These local client account plans 702 and product account plans 704 are then rolled-up to the global relationship manager 104 and global product managers 106 with responsibility for the global client. In other words, CRM system 102 collects the account plans 702 and product account plans 704 at locales 202A, . . . , 202N, and presents an aggregate of this data to the global managers. For example, global relationship manager 104 can access via user terminal 110 any of the client account plans 702 or product account plans 704 for any of the client's subsidiaries. Global relationship manager 104 can also generate reports via user terminal 110 showing, for example, wallet data that is a composite of multiple subsidiaries, or multiple products. Similarly, global product managers 106 can generate via user terminal 110 local or global reports on product account plans. The CRM invention is therefore a “bottom-up” system where account plans generated at the local level can be viewed and aggregated at the global level.
 These tools aid global managers when they determine global account plans. Global relationship manager 104 determines a global client account plan 706, including a global client profile, global client wallet, and global account objectives. The components of the global client account plan address the buying patterns, goals, and execution plans for the global client as a whole. Similarly, global product managers 106 determine a global product account plan 708 for each global product sold to the global client. For the example client shown in FIG. 7, global product managers 106 determine product account plans 708-1, . . . , 708-M.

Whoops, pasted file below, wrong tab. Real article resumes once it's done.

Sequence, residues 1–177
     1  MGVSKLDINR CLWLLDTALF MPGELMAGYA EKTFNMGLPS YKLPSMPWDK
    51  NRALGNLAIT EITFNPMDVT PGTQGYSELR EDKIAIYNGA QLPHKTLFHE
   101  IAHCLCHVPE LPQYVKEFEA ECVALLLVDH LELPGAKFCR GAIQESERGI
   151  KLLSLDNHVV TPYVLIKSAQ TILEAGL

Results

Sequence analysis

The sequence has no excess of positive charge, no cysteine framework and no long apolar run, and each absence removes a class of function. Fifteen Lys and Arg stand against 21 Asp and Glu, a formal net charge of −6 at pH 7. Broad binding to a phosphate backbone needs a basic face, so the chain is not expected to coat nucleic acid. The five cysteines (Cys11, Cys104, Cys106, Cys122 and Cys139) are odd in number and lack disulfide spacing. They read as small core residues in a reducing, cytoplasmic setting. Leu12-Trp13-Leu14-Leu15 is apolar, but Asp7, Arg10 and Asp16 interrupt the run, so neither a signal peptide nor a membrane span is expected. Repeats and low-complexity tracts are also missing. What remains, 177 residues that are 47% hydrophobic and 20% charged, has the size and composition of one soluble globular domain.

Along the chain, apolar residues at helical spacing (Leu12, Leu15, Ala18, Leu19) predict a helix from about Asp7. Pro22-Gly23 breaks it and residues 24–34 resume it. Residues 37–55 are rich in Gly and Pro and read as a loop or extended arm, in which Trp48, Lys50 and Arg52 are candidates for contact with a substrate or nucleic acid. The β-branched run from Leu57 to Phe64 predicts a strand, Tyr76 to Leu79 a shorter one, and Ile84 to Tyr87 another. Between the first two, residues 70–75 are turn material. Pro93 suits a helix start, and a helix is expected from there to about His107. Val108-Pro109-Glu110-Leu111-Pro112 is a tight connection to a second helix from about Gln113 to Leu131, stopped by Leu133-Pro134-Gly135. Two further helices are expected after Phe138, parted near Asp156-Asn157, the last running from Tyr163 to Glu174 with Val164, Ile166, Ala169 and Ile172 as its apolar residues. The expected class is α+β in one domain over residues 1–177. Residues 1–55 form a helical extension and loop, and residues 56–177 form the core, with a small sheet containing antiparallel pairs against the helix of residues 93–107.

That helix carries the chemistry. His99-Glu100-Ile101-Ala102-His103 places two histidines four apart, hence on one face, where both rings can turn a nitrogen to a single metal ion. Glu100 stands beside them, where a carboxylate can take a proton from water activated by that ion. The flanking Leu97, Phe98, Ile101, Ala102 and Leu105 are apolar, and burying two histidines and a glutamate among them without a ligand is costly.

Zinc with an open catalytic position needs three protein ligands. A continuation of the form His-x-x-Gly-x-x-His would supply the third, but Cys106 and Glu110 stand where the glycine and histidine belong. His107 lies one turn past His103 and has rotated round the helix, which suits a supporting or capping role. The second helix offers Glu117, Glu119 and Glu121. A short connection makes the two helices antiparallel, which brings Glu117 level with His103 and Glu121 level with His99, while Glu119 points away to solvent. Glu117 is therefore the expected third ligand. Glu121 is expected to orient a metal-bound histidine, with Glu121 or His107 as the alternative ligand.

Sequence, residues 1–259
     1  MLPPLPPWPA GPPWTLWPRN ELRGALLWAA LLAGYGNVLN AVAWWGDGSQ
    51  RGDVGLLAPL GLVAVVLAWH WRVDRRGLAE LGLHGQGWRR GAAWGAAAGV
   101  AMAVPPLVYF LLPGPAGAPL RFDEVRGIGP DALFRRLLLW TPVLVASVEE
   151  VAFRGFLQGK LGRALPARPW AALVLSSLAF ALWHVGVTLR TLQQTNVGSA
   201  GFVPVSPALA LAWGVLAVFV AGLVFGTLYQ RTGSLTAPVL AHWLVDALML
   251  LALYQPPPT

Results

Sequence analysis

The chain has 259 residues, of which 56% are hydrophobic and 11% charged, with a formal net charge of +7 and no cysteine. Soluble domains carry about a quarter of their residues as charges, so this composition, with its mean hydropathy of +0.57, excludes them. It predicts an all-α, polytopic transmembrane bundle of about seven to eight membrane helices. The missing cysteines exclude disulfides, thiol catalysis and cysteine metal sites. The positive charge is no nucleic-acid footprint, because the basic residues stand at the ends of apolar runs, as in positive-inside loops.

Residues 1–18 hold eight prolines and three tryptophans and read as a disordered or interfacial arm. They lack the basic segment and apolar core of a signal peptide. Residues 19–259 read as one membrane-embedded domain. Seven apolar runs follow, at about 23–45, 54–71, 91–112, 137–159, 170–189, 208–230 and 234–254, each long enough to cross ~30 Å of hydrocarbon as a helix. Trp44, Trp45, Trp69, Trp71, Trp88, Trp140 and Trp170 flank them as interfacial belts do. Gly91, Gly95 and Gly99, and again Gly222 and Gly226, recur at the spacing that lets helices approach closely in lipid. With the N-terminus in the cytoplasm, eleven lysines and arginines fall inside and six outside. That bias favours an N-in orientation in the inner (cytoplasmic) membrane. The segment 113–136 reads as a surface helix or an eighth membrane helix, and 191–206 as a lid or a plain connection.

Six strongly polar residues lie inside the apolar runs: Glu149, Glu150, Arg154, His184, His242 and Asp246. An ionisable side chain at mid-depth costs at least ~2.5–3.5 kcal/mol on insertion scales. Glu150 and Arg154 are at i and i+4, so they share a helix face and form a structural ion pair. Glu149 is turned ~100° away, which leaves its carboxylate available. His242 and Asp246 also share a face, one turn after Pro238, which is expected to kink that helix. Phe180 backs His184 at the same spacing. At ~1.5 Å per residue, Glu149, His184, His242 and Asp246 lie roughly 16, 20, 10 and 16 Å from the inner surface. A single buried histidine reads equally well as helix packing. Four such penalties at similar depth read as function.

Global client account plans 706 and global product account plans 708 are distributed via CRM system 102 to each local client service team. The local client service team can then determine whether their local client and product account plans are in alignment with the global client and global product account plans. The CRM invention is therefore also a “top-down” system where account plans generated at the global level are distributed to local client service teams. Therefore, overall, CRM system 102 is both a bottom-up and top-down client management system. This bottom-up and top-down flow of client and product account plans creates alignment of the local and global client service team across multiple locales 202 and multiple products.
 6. Performance Measurement
 CRM system 102 provides a rich set of performance measurement tools via user interface 110 for relationship managers, product managers, and management at each level. These tools provide a clear view of what is taking place, and where there is potential for things to go wrong. Broad aggregates, charts and graphs provide the big picture overview and trends, but it is also important to be able to hone in on individual details.
 Report generator 306 can provide data illustrating the following: (i) whether the account objectives are realistic in light of the wallet estimates, (ii) what percentage of the account objectives have been signed-up to by team members, (iii) where the account objectives are aimed, and whether the resources are available to deliver upon these objectives, (iv) how much of a marketing effort is directly aimed at achieving the account objectives, and how much is required just to maintain existing business, (v) whether an account is being over-or-under-managed in light of the wallet potential, (vi) whether the respective product areas actually conducting calls and deals in view of the objectives they have signed-up to, (vii) how the various locales and products compare, (viii) at what stage in the pipeline are most of the pending transactions, and (ix) whether cross-sell is taking place relative to the wallet potential.